The Fit Woman's Guide to Functional Nutrition

You've heard of functional training — now nutrition wants in on the deal. Here's the 411 on the latest practice in nutritional science.
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Finding the right diet for you and your goals is tough territory to navigate, and everyone has an opinion about which one is best (which they then promote as loudly as possible on social media). Truth is, there is no one-diet-fits-all plan, since every single person has a different metabolism, genetic makeup, health history and goals. Enter functional nutrition.

Nutritionist teaching about functional nutrition

A functional nutritionist creates an individualized diet unique to each client.

What Is Functional Nutrition?

Functional nutrition is similar to functional medicine in that it involves more than just the treatment of apparent symptoms. “A functional-medicine doctor looks at the big picture and evaluates the body as a whole to determine the root cause of [an issue],” says Jonny Bowden, Ph.D., CNS, board-certified nutrition specialist in Los Angeles, creator of the Metabolic Factor program, and author of The 150 Healthiest Foods on Earth (Fair Winds Press, 2017), adding that functional medicine focuses on issue prevention as well as treatment.

Functional nutritionists work much in the same way, and specialists evaluate an individual with a different perspective than the norm. “In conventional nutrition, you talk about the food pyramid and counting calories and low-fat versus high-fat — topics that are now considered old school,” says Kylene Bogden, MS, RDN, CSSD, NBA performance dietitian and functional-sports nutrition expert in Cleveland. “Instead, functional nutritionists individualize nutrition for each person to help his or her own body function optimally.”

Functional Nutrition's Connection to Holistic Health

Let’s say you have a health woe. No matter how big or small it is, your body communicates its dissatisfaction by creating a symptom. For instance, a nutritional deficiency could show up as fatigue or poor recovery from workouts. “That symptom is how the body speaks, letting us know something is wrong,” says Robin Foroutan, MS, RDN, integrative medicine dietitian in New York City and spokesperson for the Academy of Nutrition and Dietetics.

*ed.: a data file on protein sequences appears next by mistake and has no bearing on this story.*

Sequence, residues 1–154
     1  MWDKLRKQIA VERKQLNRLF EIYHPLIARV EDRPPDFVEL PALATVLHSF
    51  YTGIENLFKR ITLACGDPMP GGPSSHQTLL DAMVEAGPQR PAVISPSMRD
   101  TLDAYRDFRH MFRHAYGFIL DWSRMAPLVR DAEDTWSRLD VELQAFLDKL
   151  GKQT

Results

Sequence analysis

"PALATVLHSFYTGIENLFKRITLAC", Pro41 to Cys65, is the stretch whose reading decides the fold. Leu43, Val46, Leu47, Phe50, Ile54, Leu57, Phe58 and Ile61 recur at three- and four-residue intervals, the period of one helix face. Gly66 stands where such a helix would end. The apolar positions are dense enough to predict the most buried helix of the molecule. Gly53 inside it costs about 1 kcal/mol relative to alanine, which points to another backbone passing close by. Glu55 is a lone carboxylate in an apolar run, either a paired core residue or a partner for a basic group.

Rather than just trying to shut off or block the expression of that symptom, functional nutritionists examine why the symptom exists, evaluate where the underlying imbalance occurs and determine how the body can be restored naturally in order to allow symptoms to resolve themselves. For example, a client who complains of extreme bloating: Conventional nutrition would likely advise her to eat fewer cruciferous vegetables and beans. Functional nutrition, however, takes a different tack. “I’d find out if she had a food sensitivity, if she’s making enough stomach acid, how balanced the microbes in her gut are and whether she could have a parasite or a small intestine bowel overgrowth,” Foroutan says.

There are many possible reasons for her discomfort, and examining her health layer by layer and then creating a dietary prescription is more comprehensive and individualized than simply telling her to cut back on broccoli. And though many people seek out a functional nutritionist after being dismissed or misdiagnosed by a conventional practitioner, you don’t have to have a health woe to benefit from a visit. Perhaps you want to improve performance or log better sleep or reduce your chances for contracting a health condition that is prevalent in your family. “This is the way nutrition should be practiced across the board,” Bowden says. “No matter your goal, you’ll experience full-body health as a result.”

There is no one single diet that fits everybody.

There is no one single diet that fits everybody.

Eating P

While each professional practices differently, there are two main principles that underlie everything they do:

1. There is no single cookie-cutter diet that suits everybody.